Yesterday, I saw the wind swell a bin liner, and blow it upwards like a living, swaying mushroom, while it was still anchored to its litter bin. Today, a plastic tarpaulin stretched over and secured to a parked scooter, fills up with wind. It looks as though someone is writhing about on the scooter, pretending to ride it at great speed and leaning from side to side as he or she negotiates imaginary bends in an imaginary road.
In a gift shop shop, which is closing down, I find a book called Garden Wildlife published by the Wildlife Trust which has pictures of the slugs and snails, worms and centepedes, insects and spiders as well as the birds, reptiles and mammals, which visit our gardens. It will be useful to be able to give a name to a great grey slug, green shield bug or a two-tailed bristletail when next I meet one.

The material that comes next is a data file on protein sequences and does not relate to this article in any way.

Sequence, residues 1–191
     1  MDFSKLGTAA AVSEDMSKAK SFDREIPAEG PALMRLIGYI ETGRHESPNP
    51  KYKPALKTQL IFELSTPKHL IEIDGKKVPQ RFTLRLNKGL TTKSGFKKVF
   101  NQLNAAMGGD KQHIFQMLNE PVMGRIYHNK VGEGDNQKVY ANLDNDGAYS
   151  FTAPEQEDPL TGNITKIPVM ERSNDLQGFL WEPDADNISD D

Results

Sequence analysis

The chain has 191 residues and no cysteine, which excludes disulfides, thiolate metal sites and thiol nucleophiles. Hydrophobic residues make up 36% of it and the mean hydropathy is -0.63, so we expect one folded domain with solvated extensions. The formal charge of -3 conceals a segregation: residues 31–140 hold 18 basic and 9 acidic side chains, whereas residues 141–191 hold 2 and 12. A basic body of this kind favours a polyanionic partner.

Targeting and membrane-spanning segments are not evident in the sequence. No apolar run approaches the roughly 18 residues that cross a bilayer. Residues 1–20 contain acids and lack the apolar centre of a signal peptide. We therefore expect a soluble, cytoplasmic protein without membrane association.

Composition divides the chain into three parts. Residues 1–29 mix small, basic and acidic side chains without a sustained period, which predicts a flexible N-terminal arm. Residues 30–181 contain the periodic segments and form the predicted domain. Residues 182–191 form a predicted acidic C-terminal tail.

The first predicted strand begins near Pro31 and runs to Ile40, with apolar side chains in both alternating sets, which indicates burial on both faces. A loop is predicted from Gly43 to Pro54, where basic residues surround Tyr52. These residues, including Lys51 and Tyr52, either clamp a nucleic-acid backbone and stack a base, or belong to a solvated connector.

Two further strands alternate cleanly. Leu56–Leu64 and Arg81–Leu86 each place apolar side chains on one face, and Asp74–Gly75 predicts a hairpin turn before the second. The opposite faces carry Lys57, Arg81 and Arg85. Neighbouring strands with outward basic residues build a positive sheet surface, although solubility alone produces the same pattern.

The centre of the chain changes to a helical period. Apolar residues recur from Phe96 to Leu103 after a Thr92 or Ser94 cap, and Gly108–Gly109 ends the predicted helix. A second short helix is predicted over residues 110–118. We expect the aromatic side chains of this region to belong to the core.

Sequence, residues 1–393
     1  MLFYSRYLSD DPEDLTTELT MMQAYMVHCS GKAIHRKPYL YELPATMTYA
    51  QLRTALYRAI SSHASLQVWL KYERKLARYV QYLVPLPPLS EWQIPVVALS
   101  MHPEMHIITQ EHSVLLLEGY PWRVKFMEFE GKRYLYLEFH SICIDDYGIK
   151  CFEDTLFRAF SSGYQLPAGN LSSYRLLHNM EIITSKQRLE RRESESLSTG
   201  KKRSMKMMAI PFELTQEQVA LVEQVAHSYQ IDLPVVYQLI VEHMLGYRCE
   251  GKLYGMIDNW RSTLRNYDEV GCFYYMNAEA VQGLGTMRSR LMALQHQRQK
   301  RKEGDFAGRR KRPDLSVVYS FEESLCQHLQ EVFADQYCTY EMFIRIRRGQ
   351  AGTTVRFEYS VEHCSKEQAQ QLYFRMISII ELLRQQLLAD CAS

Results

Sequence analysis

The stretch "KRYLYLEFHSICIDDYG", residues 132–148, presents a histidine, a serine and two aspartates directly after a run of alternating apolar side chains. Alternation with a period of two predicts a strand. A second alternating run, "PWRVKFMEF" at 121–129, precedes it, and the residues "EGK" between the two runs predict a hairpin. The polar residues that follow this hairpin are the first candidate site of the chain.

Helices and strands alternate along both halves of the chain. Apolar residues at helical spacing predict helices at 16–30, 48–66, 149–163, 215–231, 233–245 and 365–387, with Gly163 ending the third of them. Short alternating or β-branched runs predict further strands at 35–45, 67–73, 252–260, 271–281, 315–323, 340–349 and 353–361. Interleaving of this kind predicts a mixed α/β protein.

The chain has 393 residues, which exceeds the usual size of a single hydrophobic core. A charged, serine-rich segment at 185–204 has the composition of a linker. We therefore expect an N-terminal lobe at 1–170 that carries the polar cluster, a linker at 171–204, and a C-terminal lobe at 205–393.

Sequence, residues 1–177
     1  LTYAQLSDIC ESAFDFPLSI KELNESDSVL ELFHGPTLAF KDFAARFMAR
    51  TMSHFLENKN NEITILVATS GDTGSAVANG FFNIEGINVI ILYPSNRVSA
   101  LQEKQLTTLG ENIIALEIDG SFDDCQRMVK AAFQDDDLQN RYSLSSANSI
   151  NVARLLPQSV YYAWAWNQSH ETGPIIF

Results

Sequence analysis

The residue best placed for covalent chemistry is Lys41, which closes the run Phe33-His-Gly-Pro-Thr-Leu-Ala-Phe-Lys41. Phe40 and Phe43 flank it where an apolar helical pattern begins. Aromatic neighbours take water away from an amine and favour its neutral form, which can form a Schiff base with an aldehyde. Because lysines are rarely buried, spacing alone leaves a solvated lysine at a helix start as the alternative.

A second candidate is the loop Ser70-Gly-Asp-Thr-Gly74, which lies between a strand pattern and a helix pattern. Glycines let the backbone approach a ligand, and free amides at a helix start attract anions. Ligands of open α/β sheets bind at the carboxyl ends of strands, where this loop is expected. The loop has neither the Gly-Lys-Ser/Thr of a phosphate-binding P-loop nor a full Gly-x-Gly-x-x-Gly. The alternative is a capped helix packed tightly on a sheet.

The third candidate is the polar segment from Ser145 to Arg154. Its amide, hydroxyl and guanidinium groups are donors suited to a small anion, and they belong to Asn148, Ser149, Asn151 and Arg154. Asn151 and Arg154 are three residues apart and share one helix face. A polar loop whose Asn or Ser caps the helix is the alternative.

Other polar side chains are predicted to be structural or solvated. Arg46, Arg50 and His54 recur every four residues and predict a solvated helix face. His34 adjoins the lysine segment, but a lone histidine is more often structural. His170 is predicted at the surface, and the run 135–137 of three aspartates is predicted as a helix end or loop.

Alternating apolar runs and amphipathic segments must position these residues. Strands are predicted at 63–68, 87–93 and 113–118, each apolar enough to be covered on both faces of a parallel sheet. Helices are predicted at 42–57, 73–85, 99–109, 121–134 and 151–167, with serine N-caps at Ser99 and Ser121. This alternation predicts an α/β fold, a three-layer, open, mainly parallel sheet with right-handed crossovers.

In Hall's bookshop I pick up a copy of that nasty French, eighteenth century novel called Les Liasons Dangereuses. The previous owner has pencilled on the fly leaf a quotation from Alfred de Musset, which clearly marks his disapproval: "Livre qui est plus dangereux que les liasons dont il parle."